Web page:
My Mother always said not to leave our stove door open for fear of the demonic felines inside. You see our stove was very old, no it was older than old, it was ancient. It was a rectangular coal fired stove made from some dark metal and had ornate cats chasing each other around its chunky body. I was enthralled by these cats when I was younger, I would stare at them for hours, I could sometimes swear I saw them running about in the flickering light of the fire. Once on a freezing winters day I opened the stove door and sat in front of it enjoying the warmth on my cold skin. There again out of the corner of my eye I could have sworn I saw the cats move, but before I could inspect them further my Mother rushed in and firmly scolded me after quickly slamming the square metal door shut. She then and there told me to my wide eyed face of the ovens past. She said that it had been used in dark wicked practises which were meant to summon demons to our world by roasting live cats and using their bodies to create demonic replacements. Then in a low voice she told me that if I were to leave the door open the demon cats would spring out and cause some merry havoc in our home. Of course I left the stove well alone after that, what god fearing child would go near a demon summoning stove after all?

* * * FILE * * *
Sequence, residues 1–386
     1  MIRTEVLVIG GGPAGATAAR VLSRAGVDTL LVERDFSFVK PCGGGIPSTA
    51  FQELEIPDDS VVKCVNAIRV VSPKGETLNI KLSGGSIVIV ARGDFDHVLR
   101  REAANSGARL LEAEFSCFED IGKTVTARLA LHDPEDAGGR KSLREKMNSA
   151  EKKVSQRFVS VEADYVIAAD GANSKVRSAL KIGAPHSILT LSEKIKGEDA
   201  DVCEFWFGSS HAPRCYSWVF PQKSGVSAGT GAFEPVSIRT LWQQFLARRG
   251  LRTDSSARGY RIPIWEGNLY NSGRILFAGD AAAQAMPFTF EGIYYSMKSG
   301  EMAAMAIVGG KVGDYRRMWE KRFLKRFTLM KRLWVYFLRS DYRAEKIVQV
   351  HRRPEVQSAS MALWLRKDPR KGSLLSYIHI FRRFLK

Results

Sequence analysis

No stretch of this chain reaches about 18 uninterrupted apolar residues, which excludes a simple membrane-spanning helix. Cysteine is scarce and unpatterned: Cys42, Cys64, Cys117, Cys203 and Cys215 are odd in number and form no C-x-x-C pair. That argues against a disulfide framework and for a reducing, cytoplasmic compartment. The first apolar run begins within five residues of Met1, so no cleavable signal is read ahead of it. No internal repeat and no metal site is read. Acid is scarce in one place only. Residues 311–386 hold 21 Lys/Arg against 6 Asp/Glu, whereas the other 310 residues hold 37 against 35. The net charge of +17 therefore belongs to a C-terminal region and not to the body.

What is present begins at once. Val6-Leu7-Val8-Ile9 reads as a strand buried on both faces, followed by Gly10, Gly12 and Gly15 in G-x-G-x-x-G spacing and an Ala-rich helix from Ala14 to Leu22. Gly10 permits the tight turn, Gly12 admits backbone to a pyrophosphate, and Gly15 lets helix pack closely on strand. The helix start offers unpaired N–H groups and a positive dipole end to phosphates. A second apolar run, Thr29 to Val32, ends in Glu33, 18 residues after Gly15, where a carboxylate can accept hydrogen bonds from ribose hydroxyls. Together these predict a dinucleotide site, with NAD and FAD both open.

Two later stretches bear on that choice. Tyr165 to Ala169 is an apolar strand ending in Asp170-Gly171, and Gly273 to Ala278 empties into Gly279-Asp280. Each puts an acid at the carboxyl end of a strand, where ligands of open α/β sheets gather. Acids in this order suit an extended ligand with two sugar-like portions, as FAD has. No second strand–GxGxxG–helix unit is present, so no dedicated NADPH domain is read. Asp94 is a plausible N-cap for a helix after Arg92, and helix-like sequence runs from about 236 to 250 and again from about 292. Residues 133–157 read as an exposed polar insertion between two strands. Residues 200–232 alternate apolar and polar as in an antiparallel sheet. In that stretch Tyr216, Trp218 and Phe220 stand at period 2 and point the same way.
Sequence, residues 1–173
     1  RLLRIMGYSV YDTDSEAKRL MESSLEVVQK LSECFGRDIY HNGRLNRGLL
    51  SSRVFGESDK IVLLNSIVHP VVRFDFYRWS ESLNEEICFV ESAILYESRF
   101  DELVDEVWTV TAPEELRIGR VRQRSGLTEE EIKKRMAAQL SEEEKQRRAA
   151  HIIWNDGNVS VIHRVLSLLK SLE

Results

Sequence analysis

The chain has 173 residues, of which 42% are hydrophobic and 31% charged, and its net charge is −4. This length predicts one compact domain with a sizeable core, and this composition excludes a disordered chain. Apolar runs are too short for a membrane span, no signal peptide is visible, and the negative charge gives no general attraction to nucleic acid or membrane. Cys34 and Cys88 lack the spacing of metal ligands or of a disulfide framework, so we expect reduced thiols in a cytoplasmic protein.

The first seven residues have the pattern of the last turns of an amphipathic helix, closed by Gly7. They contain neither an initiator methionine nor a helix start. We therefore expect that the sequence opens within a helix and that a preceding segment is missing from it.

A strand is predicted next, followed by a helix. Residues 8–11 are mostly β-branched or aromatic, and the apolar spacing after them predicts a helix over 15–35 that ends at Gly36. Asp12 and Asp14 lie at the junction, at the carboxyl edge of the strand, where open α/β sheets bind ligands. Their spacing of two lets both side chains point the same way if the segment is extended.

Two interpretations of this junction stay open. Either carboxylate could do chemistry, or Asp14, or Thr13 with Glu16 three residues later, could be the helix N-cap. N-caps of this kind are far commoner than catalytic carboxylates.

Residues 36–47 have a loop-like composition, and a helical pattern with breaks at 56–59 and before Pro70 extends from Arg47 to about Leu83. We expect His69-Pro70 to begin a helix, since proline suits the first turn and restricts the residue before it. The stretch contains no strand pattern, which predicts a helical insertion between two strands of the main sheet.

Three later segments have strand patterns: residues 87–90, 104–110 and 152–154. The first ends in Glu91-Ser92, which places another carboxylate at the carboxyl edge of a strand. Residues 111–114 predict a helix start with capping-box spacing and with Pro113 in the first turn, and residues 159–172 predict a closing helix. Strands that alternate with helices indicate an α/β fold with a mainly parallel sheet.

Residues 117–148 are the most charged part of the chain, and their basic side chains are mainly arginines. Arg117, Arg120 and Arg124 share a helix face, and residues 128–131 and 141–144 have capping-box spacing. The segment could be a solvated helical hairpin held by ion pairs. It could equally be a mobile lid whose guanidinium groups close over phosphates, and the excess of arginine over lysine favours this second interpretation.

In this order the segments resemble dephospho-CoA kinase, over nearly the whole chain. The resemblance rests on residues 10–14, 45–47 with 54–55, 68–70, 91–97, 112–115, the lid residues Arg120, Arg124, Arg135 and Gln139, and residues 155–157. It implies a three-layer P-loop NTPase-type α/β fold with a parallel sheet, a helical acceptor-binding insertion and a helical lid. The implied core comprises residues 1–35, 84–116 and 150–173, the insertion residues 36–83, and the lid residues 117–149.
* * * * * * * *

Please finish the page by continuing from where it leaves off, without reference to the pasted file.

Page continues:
For several years the stove stayed quietly squatting there in the corner of the room, we couldn’t remove it you see, it was permanently attached to the solid stone wall clinging around a supporting beam. To remove it we would have to destroy the wall, which was far too much work and expense for my poor family. However it was a few winters after the one where I had first left the stove door open when my Mother fell unexpectedly ill. She needed heat for her illness, and our little house was as drafty as an old barn. So I had to heat up a brick on the stove and wrap in it an old towel to assist her and keep her warm that bitter winter. But one day I was late coming back home from church, the sermon had stretched on far too long. So when I arrived home I found my Mother in a fit of sorts, her bed colder than ice as the last brick had grown stone cold. In a flustered panic I simply threw the brick into the belly of the stove among the coals, by then I didn’t believe in demonic cats and just wanted to heat up the brick as fast as possible you see. I left the old stoves door open while I hastily gathered all the bedding in the house to wrap my Mother in.